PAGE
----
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Effective Adjunctive Use of Pergolide for Cognitive Impairment and Negative Symptoms in Schizophrenia

This study has suspended participant recruitment.
Information provided by:
Hamamatsu University Identifier:
First received: September 13, 2005
Last updated: NA
Last verified: September 2005
History: No changes posted
Dopamine has been closely associated with prefrontal function. The hypothesis that a lower dopaminergic activity is associated with negative symptoms and cognitive dysfunction observed in the patients of schizophrenia is of a heuristic value in guiding research in this area. This hypothesis led us to test whether pergolide, a D1/D2 agonist, could improve negative symptoms and cognitive impairments prevailing in most patients with schizophrenia. This double-blind placebo controlled study will investigate the remedial effect of pergolide on negative symptoms and cognitive impairments in schizophrenia.

Condition Intervention Phase
Schizophrenia Negative Symptoms Cognitive Impairments Drug: Pergolide (drug) Phase 2

Study Type: Observational
Study Design: Observational Model: Defined Population
Time Perspective: Cross-Sectional
Time Perspective: Prospective
Official Title: Effective Adjunctive Use of Pergolide With Risperidone for Cognitive Impairment and Negative Symptoms in Schizophrenia

Resource links provided by NLM:

Further study details as provided by Hamamatsu University:

Estimated Enrollment: 20
Study Start Date: March 2003

Ages Eligible for Study:   18 Years to 50 Years   (Adult)
Sexes Eligible for Study:   All
Accepts Healthy Volunteers:   No

Inclusion Criteria:


  • Were age 18–50 years, met the DSM-IV criteria for schizophrenia
  • Were treated with a stable dose of risperidone, raging 2 to 6mg, for more than 8 weeks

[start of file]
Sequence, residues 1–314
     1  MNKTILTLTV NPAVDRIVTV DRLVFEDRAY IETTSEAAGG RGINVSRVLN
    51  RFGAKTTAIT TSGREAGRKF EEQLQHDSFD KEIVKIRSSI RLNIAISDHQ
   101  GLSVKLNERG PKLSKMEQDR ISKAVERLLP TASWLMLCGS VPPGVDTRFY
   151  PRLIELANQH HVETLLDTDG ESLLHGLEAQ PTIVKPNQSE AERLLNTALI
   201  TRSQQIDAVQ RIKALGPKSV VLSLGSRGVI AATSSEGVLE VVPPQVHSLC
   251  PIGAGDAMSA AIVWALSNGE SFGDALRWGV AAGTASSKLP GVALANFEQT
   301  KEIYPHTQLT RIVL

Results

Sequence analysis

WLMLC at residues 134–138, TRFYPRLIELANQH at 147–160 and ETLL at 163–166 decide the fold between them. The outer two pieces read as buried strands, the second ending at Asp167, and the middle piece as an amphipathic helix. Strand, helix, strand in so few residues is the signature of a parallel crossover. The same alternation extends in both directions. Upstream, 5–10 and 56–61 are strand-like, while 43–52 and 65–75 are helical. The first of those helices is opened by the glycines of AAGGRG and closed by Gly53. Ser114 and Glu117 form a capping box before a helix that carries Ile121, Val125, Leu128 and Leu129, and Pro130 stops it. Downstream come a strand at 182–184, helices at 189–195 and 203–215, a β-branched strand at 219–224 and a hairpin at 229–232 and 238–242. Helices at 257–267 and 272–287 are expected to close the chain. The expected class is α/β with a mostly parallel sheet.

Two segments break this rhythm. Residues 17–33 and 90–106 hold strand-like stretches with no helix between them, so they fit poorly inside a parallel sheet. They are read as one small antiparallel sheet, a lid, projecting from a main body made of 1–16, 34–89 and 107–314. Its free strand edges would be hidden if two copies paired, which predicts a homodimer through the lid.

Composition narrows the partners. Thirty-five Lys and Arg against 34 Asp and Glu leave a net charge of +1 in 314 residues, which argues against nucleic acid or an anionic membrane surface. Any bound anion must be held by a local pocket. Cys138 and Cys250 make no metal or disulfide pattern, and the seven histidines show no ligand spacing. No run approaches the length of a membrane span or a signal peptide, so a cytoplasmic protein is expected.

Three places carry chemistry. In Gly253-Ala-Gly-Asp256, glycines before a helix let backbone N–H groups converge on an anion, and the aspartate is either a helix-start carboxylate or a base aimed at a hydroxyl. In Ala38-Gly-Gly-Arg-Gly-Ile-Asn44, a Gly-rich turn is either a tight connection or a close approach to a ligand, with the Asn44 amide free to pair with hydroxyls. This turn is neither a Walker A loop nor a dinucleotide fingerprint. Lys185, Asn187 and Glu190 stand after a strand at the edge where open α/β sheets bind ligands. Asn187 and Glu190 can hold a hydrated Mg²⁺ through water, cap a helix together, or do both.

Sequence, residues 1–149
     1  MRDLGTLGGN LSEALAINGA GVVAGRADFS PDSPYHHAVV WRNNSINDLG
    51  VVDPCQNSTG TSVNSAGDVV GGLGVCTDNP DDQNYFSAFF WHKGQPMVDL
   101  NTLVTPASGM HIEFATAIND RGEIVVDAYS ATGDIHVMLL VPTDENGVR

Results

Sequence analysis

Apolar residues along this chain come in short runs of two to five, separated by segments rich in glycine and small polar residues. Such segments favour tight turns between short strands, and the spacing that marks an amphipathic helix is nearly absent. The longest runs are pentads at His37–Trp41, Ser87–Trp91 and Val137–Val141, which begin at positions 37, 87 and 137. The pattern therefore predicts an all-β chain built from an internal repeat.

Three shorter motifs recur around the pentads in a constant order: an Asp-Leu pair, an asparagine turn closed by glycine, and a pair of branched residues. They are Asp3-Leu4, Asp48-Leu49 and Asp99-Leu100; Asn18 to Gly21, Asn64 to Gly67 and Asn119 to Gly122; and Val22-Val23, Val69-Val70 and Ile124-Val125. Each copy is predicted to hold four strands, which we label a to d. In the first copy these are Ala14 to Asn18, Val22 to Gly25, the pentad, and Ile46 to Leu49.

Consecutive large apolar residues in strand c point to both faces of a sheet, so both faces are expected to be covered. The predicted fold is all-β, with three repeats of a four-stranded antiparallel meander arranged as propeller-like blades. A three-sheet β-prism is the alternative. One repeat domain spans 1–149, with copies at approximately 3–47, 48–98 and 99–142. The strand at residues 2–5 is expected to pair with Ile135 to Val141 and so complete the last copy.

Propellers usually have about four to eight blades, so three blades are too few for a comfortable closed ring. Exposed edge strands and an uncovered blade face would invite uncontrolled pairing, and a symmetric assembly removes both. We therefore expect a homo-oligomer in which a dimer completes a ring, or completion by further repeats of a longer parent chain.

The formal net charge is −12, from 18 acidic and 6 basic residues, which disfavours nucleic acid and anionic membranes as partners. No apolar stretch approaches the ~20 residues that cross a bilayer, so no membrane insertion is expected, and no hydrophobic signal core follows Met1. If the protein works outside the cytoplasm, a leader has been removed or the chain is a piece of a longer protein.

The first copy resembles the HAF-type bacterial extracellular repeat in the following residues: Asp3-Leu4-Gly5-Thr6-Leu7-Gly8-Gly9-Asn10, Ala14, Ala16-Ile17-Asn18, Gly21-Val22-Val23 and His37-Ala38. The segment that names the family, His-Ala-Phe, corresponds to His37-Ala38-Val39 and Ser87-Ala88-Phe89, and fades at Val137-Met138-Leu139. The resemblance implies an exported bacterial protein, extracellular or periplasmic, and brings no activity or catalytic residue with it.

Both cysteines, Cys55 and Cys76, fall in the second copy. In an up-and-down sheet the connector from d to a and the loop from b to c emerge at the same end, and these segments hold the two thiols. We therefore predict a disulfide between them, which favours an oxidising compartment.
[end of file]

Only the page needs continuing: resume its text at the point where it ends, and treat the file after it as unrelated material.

• Had a score ≥15 on negative subscale items in Positive and Negative Syndrome Scale (PANSS)
  • Had a minimum period of symptom stability, defined as no more than 20% change on consecutive ratings on PANSS for at lease 4 weeks

Exclusion Criteria:

  • Had a history of medical condition or drug treatment that may have affected cognitive performance
  • Had a history of other psychiatric disorders
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Please refer to this study by its identifier: NCT00197483

Hamamatsu University Hospital
Hamamatsu, Shizuoka, Japan, 431-3192
Sponsors and Collaborators
Hamamatsu University
Study Chair: Norio Mori, Ph.D Hamamatsu University, School of Medicine, Department of Psychiatry and Neurology
  More Information

Publications: Identifier: NCT00197483     History of Changes
Other Study ID Numbers: 01T-080
Study First Received: September 13, 2005
Last Updated: September 13, 2005

Keywords provided by Hamamatsu University:
Dopamine D1
Cognitive disturbance
Negative symptoms

Additional relevant MeSH terms:
Cognition Disorders
Schizophrenia Spectrum and Other Psychotic Disorders
Mental Disorders
Neurocognitive Disorders
Dopamine Agonists
Dopamine Agents
Neurotransmitter Agents
Molecular Mechanisms of Pharmacological Action
Physiological Effects of Drugs processed this record on September 21, 2017